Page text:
Parenting the Parent
Contributor

My mother called at 5:45 am this morning like it was normal.  It was, to her.  I was wide awake, another sleepless night for me.  Getting two kids back to college and one back to highschool has my brain working overtime.  Wish I got paid for those hours. 

"You sound wide awake," she said on the phone.  I took a deep breath and replied.

"What's wrong mom?"

There was no sorry to wake you (if she had), no wish I didn't have to bother you again- nothing.   After five calls yesterday, I thought my day with my mom might be an easier one today.  Wasn't it my sister's turn to lend a hand?  Brother's? No, she preferred me.  The sensitive one.  Probably because I did my best to listen.  Tried to understand and didn't hang up on her.  Never told her to go to hell either.  Have been tempted on numerous occasions! That's my sister's routine.

My mother was talking and I was having difficulty listening.  "I'm cold and anxious," she mumbled. "What should I do?"

"Take your Xanax mom and turn on the heat.  Do you still have the a/c on? Are you wearing pajamas? Is your comforter out of the closet?"

 "Ok hon, that's what I'll do. All those things.  Thank you." Click.

I kept the phone to my ear for a sec to make sure she did hang up. If she didn't, she'd hear my husband's, Now What?"

Conversations like these have taken place with my mom since I was 15.  At 45 I realize that my mother, although undiagnosed, is bipolar.  She's undiagnosed because as soon as her doctor mentions mental illness she switches doctors.  She's had a lot of doctors!  

While taking care of my mom as a child and young adult was never easy, it has gotten easier now that I am a middle-aged (gasp!) woman who is aware of mental illness. Raising three teens has put me on the edge of insanity once or twice- bringing me to a place of better understanding when it comes to mental illness.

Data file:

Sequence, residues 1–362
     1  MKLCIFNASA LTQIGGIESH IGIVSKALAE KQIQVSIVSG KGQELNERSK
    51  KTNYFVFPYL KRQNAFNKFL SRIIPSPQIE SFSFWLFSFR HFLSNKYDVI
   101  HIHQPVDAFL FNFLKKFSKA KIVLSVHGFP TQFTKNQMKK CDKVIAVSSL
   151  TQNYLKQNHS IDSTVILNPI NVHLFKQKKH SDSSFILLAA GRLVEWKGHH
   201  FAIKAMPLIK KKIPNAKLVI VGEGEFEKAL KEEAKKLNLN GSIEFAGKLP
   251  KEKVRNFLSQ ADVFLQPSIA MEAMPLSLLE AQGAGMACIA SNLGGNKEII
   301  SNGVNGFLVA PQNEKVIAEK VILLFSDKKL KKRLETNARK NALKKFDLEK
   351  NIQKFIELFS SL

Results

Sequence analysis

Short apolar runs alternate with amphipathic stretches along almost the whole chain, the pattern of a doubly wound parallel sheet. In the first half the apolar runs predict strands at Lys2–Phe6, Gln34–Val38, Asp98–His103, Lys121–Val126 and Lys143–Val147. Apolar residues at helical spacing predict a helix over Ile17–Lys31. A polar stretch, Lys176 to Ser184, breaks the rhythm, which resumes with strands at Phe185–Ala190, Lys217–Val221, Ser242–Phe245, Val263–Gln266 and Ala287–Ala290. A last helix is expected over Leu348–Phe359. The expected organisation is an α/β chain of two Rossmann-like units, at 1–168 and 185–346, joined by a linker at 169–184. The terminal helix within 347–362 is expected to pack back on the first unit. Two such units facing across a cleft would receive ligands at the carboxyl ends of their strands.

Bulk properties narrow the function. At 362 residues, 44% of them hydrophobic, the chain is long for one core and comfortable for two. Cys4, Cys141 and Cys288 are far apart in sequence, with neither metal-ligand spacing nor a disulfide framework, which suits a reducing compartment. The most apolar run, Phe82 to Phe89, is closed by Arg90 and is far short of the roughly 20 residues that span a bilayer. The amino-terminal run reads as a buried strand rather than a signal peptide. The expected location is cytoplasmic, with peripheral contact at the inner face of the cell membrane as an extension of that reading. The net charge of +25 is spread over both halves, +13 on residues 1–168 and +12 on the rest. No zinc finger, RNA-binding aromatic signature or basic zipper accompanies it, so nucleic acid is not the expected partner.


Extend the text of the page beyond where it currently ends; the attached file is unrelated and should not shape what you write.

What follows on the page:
I now look at my mom as a  child; one who doesn't mean to be ignorant or selfish.  Her mind hasn't grown past her highschool education.  She's still where she was when she dropped out of school to work- 15.  In her defense, she can be very loving,  sweet and giving at times too.  AND, she did give me life for that matter. That's a positive.

As soon as the cold hits, my mother gets depressed.  She suffers from SAD (Seasonal Affective Disorder) which makes caring for her twice as hard as winter itself. I wonder if the harsh blood and pain of the Great Depression ever left my mother's veins. Today she has 13 cans of tuna, 11 cans of tomato sauce, 14 Comets, 10 perm sets, etc... in a small home with no storage space - because she can. 

In her eighties, my mom acts more like a teenager.  She's moody one day and affectionate the next.  She hates life and can't wait to die, then can't wait till tomorrow to see The Help, with popcorn and a frozen Snickers. Honestly, raising three teens has prepared me for raising my mom.

My sleep deprived self wonders which of the four "kids" I'm raising will grow up first. I think I know which of the four it WON'T be.

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